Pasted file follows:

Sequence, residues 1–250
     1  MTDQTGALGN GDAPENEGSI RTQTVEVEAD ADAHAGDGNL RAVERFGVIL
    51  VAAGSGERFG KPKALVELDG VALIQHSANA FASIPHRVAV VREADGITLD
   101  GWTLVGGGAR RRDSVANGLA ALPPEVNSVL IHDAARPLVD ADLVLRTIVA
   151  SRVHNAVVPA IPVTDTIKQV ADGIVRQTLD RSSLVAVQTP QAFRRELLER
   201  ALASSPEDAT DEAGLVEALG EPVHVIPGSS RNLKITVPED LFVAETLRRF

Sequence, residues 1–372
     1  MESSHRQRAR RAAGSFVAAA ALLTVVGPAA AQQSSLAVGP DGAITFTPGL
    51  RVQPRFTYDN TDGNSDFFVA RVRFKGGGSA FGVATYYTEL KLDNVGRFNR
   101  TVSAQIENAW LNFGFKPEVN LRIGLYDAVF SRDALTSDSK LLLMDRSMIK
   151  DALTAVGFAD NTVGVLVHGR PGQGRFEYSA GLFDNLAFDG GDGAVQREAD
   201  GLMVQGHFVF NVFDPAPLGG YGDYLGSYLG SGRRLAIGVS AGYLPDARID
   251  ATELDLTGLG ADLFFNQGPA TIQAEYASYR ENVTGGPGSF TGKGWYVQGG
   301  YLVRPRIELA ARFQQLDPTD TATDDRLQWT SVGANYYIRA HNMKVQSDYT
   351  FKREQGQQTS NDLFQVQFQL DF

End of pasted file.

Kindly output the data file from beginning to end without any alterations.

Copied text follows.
Sequence, residues 1–250
     1  MTDQTGALGN GDAPENEGSI RTQTVEVEAD ADAHAGDGNL RAVERFGVIL
    51  VAAGSGERFG KPKALVELDG VALIQHSANA FASIPHRVAV VREADGITLD
   101  GWTLVGGGAR RRDSVANGLA ALPPEVNSVL IHDAARPLVD ADLVLRTIVA
   151  SRVHNAVVPA IPVTDTIKQV ADGIVRQTLD RSSLVAVQTP QAFRRELLER
   201  ALASSPEDAT DEAGLVEALG EPVHVIPGSS RNLKITVPED LFVAETLRRF

Sequence, residues 1–372
     1  MESSHRQRAR RAAGSFVAAA ALLTVVGPAA AQQSSLAVGP DGAITFTPGL
    51  RVQPRFTYDN TDGNSDFFVA RVRFKGGGSA FGVATYYTEL KLDNVGRFNR
   101  TVSAQIENAW LNFGFKPEVN LRIGLYDAVF SRDALTSDSK LLLMDRSMIK
   151  DALTAVGFAD NTVGVLVHGR PGQGRFEYSA GLFDNLAFDG GDGAVQREAD
   201  GLMVQGHFVF NVFDPAPLGG YGDYLGSYLG SGRRLAIGVS AGYLPDARID
   251  ATELDLTGLG ADLFFNQGPA TIQAEYASYR ENVTGGPGSF TGKGWYVQGG
   301  YLVRPRIELA ARFQQLDPTD TATDDRLQWT SVGANYYIRA HNMKVQSDYT
   351  FKREQGQQTS NDLFQVQFQL DF